SOURCE: MSN and AGU

DATE: July 25, 2020

SNIP: A disturbing new climate change study predicts global temperature increases of up to 8 degrees Fahrenheit as atmospheric carbon concentrations double:

[I]t now appears extremely unlikely that the climate sensitivity could be low enough to avoid substantial climate change (well in excess of 2°C warming) under a high‐emissions future scenario. We remain unable to rule out that the sensitivity could be above 4.5°C per doubling of carbon dioxide levels, although this is not likely.

Humanity, it’s clear, is close to missing the chance to avoid the worst ravages of fossil fuel pollution.

That level of warming would spell disaster for our oceans and coastal communities. Coral reefs would die; marine biodiversity would plummet. Flooding and extreme storms would pummel coastal residents. And ocean acidification and hypoxia would change the basic building blocks of marine life in dangerous, unpredictable ways.

This study is just the latest alarm going off to demand climate action now. We can’t wait any longer to stop drilling and mining for fossil fuels in our public lands and waters. Such public-lands extraction causes about a quarter of U.S. greenhouse gas pollution.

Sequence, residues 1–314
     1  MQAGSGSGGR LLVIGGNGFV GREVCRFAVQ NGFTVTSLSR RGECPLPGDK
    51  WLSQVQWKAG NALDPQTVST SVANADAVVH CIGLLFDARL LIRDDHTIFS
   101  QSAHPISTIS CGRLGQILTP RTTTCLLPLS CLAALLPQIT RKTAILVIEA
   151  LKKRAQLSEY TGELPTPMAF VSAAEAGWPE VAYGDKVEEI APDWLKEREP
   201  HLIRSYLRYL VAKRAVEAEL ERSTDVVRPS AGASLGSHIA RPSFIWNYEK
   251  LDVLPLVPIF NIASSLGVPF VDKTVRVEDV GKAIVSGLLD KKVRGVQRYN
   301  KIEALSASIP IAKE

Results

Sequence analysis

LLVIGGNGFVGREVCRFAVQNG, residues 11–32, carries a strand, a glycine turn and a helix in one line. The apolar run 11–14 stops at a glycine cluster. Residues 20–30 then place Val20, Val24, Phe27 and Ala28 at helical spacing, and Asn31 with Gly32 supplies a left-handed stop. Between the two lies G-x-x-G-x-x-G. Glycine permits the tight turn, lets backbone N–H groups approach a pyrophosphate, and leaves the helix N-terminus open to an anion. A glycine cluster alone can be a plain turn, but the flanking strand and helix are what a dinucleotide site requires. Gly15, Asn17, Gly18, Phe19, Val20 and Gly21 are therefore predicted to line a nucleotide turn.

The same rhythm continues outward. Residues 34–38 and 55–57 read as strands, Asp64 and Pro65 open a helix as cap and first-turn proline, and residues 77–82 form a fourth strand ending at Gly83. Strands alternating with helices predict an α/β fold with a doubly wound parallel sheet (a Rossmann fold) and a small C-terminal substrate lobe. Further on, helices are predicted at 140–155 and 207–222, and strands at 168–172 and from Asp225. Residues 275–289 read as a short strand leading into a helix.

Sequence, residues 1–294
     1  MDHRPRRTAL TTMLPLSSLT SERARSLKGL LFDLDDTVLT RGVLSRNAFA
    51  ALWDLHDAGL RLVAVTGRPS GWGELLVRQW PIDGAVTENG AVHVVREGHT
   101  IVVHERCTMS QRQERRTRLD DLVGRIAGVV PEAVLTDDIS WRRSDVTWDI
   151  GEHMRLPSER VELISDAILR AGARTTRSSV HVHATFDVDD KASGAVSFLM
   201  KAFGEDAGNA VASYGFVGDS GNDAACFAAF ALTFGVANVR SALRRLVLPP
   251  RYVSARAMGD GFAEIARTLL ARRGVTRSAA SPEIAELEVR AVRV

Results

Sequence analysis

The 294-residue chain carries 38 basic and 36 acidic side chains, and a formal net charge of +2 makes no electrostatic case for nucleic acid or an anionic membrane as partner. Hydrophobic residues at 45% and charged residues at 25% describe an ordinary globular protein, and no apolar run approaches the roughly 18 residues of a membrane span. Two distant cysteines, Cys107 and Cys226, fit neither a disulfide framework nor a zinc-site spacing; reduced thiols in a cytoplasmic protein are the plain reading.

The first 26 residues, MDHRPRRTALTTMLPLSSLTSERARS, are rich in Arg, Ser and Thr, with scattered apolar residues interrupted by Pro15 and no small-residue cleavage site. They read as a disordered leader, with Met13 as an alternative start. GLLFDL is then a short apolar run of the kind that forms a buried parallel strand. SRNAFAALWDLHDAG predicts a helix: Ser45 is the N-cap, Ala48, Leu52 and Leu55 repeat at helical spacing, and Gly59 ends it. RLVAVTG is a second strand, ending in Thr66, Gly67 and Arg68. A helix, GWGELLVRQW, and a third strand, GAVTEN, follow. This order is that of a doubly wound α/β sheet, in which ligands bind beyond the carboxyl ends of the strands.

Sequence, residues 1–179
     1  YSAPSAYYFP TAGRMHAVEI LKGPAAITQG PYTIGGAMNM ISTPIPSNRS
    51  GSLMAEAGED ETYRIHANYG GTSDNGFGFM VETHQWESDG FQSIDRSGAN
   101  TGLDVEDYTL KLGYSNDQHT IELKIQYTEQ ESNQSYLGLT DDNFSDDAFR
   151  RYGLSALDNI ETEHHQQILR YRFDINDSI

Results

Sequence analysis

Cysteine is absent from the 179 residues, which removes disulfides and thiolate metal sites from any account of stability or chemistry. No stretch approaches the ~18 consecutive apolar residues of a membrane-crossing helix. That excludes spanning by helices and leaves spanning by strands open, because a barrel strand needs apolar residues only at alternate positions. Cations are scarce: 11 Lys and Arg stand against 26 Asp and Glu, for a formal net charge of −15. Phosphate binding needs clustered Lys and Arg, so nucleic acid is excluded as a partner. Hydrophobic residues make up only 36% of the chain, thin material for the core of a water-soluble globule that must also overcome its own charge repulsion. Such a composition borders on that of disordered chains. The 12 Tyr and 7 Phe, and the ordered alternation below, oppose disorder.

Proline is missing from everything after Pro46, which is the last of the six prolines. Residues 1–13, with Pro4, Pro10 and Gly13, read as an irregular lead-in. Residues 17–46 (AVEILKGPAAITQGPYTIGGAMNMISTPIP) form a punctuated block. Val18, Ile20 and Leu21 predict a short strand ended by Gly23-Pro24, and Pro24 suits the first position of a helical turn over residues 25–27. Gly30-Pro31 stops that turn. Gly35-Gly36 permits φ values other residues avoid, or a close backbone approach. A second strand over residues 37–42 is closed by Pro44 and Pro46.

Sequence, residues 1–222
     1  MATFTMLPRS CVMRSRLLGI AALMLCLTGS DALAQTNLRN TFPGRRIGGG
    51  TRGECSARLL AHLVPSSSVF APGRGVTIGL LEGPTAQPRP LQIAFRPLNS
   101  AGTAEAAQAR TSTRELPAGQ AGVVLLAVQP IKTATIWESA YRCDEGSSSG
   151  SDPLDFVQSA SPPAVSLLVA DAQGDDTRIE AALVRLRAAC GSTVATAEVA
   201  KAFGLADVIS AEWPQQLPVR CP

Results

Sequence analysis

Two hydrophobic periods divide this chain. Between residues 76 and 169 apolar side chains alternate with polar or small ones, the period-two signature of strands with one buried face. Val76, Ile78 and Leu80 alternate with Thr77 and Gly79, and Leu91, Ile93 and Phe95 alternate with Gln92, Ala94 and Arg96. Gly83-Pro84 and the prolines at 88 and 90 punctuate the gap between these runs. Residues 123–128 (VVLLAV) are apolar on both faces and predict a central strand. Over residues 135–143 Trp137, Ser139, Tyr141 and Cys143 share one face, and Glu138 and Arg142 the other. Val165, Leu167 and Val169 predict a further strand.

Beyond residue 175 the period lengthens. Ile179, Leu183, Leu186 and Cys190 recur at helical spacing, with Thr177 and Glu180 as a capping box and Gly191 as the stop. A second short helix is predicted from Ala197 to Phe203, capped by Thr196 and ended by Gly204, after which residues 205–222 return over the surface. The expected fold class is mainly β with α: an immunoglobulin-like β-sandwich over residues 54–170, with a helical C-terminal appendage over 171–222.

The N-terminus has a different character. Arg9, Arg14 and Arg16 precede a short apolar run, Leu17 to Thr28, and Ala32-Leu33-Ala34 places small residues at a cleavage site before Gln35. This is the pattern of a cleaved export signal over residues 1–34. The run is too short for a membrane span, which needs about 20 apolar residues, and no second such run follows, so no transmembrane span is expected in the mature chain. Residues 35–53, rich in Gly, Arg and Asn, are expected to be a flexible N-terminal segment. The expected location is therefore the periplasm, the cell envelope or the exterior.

The new four-year study, published in the journal Review of Geophysics by an international team of 25 top experts, indicates average global temperatures are now very likely to increase 4.1 to 8.1 degrees Fahrenheit. That’s at the high end of the range consistently predicted by major climate studies going back to 1979.

The study indicates a 95 percent certainty that a doubling of atmospheric carbon dioxide concentrations – which we’re on target to hit in the next 50 years or so – would exceed the 3.6 degrees Fahrenheit (2 degrees celsius) worst-case goal that most nations agreed to in the Paris climate accord.

Beyond that threshold, climate scientists predict sea-level rise that will flood many coastal cities, intolerable heat waves and other extreme weather conditions and permanent damage to many ecosystems.